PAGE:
Vogue: "The New Exhibition Spotlighting Nigeria’s Marginalized Drag Community"

Edwin Okolo, Vogue, December 14, 2020

Across the course of this year, with the coronavirus all but eliminating the possibility of live performances, many creatives have been left scrambling while trying to make sense of the new possibilities of online concerts and augmented reality. But while this is uncharted territory for some, virtual spaces have long been a refuge for Nigeria’s drag performers. Beyond criminalizing gay marriage, the Same Sex Marriage (Prohibition) Act that passed in 2013 also outlawed public gatherings perceived to be in support of Nigeria’s queer community, including art exhibitions and performances. Forced out of physical spaces, the country’s drag scene has begun to thrive online.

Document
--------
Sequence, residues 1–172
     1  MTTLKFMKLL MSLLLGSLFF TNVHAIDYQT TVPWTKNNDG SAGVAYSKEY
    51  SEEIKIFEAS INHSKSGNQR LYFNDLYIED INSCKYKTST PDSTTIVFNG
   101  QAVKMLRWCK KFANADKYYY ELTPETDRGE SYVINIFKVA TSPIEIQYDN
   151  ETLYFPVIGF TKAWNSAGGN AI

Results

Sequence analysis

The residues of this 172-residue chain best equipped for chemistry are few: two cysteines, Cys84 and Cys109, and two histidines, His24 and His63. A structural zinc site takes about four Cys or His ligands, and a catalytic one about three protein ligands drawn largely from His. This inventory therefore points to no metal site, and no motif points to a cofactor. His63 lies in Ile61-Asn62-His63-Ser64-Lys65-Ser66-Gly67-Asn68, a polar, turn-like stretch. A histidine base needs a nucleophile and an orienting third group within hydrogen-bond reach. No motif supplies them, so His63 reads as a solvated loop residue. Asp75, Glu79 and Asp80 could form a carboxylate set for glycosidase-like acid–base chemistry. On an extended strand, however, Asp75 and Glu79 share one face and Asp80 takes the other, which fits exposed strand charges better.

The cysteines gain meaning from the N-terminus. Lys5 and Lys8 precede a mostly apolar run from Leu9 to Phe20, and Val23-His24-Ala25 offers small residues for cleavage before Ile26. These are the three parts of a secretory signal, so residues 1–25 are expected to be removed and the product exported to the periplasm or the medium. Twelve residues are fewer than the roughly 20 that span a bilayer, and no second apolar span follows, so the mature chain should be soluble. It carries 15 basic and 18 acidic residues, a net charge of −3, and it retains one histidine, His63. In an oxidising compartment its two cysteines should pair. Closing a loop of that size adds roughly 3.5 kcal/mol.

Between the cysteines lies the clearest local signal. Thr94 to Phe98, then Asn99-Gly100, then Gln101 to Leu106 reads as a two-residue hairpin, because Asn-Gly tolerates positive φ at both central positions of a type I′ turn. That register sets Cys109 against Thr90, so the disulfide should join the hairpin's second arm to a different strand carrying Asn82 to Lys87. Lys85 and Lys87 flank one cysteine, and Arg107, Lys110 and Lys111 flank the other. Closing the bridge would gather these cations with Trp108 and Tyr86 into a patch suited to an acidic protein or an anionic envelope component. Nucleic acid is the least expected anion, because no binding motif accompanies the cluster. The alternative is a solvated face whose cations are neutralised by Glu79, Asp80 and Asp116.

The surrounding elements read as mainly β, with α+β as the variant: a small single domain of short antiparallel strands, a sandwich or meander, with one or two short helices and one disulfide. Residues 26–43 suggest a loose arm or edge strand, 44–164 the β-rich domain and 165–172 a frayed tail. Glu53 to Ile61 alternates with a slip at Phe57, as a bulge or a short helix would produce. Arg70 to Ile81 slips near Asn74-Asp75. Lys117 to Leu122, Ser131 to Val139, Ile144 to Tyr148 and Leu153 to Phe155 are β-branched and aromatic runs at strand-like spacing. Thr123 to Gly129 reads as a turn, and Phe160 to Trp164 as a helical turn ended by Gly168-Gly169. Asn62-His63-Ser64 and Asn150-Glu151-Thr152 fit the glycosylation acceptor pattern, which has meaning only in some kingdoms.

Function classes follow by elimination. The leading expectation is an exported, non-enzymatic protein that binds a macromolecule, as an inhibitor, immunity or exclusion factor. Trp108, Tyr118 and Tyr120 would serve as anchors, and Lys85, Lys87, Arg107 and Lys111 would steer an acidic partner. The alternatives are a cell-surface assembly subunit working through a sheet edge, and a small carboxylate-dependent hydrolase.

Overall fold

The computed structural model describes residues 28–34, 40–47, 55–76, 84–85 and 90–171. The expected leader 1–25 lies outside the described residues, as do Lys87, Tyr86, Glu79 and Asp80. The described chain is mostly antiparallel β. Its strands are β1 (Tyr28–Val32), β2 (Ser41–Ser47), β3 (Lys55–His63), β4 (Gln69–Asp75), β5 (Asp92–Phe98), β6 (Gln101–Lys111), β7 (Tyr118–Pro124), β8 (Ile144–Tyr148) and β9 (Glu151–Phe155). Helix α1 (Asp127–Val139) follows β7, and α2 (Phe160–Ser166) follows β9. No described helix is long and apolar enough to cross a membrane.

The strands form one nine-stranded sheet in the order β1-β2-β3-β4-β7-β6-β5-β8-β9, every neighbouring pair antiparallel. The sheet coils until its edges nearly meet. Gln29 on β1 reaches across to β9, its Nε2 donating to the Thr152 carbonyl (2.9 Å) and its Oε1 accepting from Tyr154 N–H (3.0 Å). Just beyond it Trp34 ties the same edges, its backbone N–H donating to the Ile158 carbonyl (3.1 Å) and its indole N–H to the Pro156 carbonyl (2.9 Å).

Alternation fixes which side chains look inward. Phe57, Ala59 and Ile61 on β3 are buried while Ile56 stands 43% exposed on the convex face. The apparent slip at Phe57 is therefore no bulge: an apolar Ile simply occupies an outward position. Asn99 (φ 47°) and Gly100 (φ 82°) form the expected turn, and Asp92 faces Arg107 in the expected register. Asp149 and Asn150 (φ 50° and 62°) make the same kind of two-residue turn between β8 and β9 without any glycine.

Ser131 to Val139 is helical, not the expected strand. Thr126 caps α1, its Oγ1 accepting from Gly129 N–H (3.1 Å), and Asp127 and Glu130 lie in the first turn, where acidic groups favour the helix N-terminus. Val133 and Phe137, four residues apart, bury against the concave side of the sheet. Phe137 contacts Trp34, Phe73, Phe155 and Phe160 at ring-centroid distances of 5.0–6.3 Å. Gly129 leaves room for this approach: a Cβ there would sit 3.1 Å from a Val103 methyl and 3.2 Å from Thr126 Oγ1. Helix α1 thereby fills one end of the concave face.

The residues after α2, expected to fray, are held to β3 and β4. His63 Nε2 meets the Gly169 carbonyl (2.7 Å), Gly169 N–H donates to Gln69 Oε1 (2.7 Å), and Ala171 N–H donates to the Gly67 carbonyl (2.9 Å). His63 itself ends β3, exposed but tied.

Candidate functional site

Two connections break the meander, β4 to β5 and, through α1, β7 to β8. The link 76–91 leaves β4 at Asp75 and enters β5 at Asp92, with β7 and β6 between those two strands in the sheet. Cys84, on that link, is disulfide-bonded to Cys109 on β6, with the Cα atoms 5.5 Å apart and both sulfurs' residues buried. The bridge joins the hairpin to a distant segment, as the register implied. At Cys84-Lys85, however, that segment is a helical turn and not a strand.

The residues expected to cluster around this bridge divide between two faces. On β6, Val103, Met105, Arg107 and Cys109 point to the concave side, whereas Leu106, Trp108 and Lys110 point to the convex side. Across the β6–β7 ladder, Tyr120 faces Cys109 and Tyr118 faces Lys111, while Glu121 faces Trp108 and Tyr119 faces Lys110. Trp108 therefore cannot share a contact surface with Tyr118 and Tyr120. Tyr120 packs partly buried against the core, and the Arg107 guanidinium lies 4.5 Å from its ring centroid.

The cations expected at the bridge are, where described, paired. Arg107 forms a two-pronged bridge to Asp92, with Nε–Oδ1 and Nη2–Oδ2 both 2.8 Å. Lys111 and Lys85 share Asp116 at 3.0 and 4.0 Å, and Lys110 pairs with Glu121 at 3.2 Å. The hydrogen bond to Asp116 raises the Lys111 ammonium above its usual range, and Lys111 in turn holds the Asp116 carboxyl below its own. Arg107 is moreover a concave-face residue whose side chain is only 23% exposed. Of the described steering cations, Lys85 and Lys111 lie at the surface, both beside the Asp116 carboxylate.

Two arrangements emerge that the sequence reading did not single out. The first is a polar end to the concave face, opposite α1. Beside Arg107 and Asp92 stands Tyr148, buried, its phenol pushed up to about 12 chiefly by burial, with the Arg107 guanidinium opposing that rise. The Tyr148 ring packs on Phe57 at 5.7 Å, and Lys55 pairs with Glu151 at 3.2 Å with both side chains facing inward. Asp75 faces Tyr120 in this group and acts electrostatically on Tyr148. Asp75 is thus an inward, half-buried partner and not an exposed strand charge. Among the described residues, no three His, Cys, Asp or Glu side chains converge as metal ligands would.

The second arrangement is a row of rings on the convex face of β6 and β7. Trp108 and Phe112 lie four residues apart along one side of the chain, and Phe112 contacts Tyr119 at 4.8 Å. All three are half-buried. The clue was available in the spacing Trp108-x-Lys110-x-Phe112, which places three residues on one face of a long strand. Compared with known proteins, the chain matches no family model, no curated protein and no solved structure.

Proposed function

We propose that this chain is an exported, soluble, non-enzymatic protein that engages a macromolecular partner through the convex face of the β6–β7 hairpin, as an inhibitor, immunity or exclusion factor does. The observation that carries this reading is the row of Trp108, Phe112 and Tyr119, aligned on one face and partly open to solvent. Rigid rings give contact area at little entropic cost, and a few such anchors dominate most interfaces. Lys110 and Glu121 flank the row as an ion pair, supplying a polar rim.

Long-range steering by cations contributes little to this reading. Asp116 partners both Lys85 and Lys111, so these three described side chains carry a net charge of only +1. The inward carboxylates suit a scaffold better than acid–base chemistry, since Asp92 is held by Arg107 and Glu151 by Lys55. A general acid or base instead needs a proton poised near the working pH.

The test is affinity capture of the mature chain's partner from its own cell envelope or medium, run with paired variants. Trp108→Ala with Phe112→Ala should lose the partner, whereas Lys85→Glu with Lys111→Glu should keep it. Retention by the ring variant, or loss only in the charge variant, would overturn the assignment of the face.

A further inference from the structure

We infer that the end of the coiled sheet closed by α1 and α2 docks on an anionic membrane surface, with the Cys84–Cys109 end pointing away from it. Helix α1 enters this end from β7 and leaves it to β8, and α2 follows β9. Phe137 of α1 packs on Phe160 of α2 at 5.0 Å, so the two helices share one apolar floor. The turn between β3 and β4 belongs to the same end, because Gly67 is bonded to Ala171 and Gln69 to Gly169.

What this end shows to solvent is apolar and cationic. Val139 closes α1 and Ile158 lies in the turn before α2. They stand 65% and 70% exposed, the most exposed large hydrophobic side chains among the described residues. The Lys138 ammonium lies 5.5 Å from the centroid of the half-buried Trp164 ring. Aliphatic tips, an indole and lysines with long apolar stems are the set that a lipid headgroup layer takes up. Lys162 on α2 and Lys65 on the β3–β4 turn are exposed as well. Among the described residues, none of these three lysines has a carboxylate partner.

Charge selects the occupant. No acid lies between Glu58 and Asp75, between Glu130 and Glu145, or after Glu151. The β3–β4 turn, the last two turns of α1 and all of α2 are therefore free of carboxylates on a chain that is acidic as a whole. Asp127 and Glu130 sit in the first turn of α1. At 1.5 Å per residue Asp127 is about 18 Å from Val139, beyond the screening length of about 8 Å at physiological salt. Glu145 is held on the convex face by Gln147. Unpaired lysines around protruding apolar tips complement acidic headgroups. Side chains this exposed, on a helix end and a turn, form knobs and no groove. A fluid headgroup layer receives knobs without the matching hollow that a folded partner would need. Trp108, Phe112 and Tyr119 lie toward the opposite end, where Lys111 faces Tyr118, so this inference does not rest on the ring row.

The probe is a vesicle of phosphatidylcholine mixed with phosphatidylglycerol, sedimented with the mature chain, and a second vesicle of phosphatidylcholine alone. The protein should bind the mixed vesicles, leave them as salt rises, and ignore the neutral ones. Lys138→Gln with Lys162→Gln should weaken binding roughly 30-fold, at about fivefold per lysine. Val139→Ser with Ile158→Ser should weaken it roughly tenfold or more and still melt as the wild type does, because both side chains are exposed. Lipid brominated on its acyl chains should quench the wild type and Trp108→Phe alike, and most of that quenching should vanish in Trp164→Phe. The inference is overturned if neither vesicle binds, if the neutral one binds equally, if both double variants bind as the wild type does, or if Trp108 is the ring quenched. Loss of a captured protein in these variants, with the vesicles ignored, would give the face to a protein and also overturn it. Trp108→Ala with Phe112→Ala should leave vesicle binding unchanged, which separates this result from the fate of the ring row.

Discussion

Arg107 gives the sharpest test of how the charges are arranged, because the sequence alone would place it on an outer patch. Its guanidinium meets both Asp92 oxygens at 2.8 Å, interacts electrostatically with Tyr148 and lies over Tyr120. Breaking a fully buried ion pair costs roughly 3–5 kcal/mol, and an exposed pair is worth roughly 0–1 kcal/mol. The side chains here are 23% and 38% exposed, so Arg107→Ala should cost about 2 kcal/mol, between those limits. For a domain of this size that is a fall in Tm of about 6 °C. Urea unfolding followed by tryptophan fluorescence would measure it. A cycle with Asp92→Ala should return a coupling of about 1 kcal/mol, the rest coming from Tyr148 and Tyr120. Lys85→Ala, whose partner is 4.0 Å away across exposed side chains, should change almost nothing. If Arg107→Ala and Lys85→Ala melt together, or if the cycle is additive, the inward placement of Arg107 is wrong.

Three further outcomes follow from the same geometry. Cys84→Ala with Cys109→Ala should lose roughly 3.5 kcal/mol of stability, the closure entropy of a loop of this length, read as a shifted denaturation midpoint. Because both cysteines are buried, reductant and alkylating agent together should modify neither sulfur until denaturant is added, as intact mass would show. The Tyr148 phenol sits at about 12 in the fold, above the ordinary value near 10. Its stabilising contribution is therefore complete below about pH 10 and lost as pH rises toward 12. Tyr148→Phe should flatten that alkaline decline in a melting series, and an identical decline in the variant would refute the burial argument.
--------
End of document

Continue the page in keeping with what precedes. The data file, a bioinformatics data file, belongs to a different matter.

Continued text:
Documentary photographer and visual artist Stephen Tayo took inspiration from those Nigerian artists for his new exhibition, “What If,” which opened at the KO gallery in Ikoyi, Lagos, on December 10. To remain within the laws that punish overt support of LGBTQ issues, “What If” adopts an exclusively anthropological focus in its portrayal of drag. “I gained visibility as a fashion photographer at around the same time the Lagos drag scene began to gain mainstream attention with even fewer resources and opportunities than I had,” says Tayo, who has spent much of his career working with underrepresented communities in his storytelling for publications such as Vogue, i-D, and The New York Times. “I wanted to document their success, but in a way that was not exploitative. ”....